In a pleasant, last-minute surprise, SpaceX fairing recovery vessel Mr. Steven has departed Port Canaveral for its first Falcon fairing catch attempt in more than half a year. The speedy ship has already traveled more than 1250 km (800 mi) in ~48 hours and should soon be in position to attempt recovery of Falcon Heavy Flight 3’s payload fairing halves.
In another surprise, Mr. Steven has been renamed to GO Ms. Tree, a strong indicator that Guice Offshore (GO) – a company SpaceX is heavily involved with – has acquired the vessel from financially troubled owner/operator Sea-Tran Marine. With this likely acquisition, nearly all of SpaceX’s non-drone ship vessels are now leased from – and partially operated by – GO. The name change is undeniably bittersweet for those that have been following Mr. Steven’s fairing recovery journey from the beginning. However, it’s also more than a little fitting given that the vessel switched coasts and suffered an accident that forced SpaceX to replace the entirety of its arm-boom-net assembly. Much of Mr. Steven – now GO Ms. Tree – has been replaced in the last few months and with any luck, the vessel is better equipped than ever before to snag its first Falcon fairing(s) out of the air. Falcon Heavy is scheduled to lift off no earlier than (NET) 11:30 pm ET (03:30 UTC), June 24th.
♫ [Mr. Steven] would [sail nine] hundred miles ♫
Not one to dip his/her toes in first, Mr. Steven/GO Ms. Tree’s first fairing recovery attempt since crossing the Panama Canal will be a record-breaker. In yet another last-second surprise, Falcon Heavy Flight 3 – assigned to the US Air Force’s Space Test Program 2 (STP-2) mission – had its center core recovery profile radically modified just days ago, moving the booster’s drone ship landing from ~40 km offshore to more than 1240 km (770 mi) off the coast of Florida.
Given that the upper stage and its fairing-shrouded payload inherently separate after the center stage, after which the two fairing halves are ejected, those fairings will end up even further downrange than the center stage. In the case of Falcon Heavy’s STP-2 mission, the fairing halves could end up splashing down (or, hopefully, landing in a net) anywhere from 1400-1600 km (870-1000 mi) downrange from SpaceX’s Pad 39A Cape Canaveral launch facilities.
Records on records
With a fairing recovery attempt more than ~1400 km downrange and an attempted Falcon Heavy center core landing nearly 1250 km off the Florida coast, Falcon Heavy’s STP-2 mission is chock-full of records. As discussed previously on Teslarati, aside from the surprise recovery records-to-be, STP-2 will be a milestone launch attempt for several additional reasons.
“To successfully complete STP-2, the upper stage will be subjected to ‘four separate upper-stage engine burns, three separate deployment orbits, a final propulsive passivation maneuver, and a total mission duration of over six hours.‘ It will likely be SpaceX’s most technically-challenging launch ever.”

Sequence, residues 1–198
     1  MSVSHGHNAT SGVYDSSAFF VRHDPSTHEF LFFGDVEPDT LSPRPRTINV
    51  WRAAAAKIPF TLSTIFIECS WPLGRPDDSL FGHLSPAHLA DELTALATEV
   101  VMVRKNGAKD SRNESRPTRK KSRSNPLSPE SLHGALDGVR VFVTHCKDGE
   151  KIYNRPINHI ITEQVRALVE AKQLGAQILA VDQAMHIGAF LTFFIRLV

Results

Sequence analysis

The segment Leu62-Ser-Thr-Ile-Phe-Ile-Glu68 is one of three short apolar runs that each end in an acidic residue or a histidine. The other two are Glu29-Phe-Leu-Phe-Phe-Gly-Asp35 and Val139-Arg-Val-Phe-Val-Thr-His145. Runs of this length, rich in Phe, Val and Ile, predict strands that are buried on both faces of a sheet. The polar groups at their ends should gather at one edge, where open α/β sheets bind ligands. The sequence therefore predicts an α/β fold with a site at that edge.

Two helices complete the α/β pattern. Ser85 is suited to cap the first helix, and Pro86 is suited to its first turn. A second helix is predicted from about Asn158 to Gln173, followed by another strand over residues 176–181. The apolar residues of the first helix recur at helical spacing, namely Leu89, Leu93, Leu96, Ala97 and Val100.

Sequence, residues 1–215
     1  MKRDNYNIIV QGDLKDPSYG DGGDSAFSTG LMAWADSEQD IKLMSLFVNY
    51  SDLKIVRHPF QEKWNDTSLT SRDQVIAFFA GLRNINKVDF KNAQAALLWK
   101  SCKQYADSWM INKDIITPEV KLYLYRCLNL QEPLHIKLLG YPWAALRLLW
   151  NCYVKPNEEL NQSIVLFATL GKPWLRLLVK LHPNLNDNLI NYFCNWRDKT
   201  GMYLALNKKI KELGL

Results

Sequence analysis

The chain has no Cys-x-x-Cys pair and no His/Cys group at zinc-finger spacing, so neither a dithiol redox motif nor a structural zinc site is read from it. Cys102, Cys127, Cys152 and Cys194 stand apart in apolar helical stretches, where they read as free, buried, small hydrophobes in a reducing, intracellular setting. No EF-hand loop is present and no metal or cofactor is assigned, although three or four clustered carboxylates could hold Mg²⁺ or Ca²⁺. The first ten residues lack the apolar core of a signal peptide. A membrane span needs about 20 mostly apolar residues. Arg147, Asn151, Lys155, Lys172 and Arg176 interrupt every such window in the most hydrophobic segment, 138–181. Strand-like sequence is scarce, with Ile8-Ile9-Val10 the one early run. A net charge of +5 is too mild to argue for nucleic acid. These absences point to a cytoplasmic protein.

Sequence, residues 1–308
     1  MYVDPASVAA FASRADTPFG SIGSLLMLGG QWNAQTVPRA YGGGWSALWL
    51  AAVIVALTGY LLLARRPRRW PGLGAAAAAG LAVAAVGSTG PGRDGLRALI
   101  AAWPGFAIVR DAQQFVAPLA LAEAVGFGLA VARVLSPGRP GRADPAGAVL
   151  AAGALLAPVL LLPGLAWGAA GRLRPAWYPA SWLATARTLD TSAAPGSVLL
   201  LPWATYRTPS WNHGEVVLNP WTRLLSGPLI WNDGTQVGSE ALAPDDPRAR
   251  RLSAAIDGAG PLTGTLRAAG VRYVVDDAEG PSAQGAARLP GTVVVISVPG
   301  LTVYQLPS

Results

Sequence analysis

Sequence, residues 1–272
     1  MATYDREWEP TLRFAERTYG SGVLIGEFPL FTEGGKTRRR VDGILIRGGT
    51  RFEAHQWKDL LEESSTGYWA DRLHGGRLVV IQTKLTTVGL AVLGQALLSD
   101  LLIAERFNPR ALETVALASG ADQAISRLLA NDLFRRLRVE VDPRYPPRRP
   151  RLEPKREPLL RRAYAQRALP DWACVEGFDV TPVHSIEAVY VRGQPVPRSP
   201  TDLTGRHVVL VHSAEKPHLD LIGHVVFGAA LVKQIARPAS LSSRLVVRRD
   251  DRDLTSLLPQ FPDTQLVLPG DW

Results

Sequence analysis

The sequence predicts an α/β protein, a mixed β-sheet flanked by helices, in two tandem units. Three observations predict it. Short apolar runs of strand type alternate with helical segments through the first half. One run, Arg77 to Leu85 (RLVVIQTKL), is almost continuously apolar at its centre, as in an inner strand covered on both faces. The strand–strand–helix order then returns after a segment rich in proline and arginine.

— Teslarati.com, 06/19/2019
“The US Air Force has decided that STP-2 presents an excellent opportunity to begin the process of certifying flight-proven SpaceX rockets for military launches. The STP-2-related work is more of a preliminary effort for the USAF to actually figure out how to certify flight-proven commercial rockets, but it will still be the first time a dedicated US military mission has flown on a flight-proven launch vehicle. Down the road, the processes set in place thanks – in part – to STP-2 and Falcon Heavy may also apply to aspirational rockets like Blue Origin’s New Glenn and ULA’s “SMART” proposal for Vulcan reuse.”
— Teslarati.com, 06/16/2019
In almost every conceivable way, STP-2 will absolutely be the most challenging launch SpaceX has ever attempted. Success would effectively confirm beyond any reasonable doubt that SpaceX is just as capable as – if not more capable than – its sole US competitor, Lockheed Martin and Boeing’s United Launch Alliance (ULA). On top of being able to compete for and perform all mission profiles required by the US military and NASA, SpaceX will also remain the only entity (private or public) in the world that is actively launching, landing, and refusing orbital-class rocket hardware.
Tune in to SpaceX’s hosted webcast around 11:15 pm ET (03:15 UTC), June 24th to watch Falcon Heavy’s third launch ever and (hopefully) catch a glimpse of multiple record-breaking recovery attempts and Falcon S2’s most challenging mission ever.
Want to remember the awesomeness of Falcon Heavy every single day? Consider a limited-edition set of high-quality prints, signed by both Teslarati photographers to commemorate the rocket’s inaugural Starman launch.